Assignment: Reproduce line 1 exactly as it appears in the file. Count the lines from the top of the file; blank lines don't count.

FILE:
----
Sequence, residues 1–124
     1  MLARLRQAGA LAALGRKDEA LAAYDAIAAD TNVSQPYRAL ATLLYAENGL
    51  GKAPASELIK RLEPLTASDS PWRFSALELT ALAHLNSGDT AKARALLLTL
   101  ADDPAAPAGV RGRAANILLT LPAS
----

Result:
Sequence, residues 1–124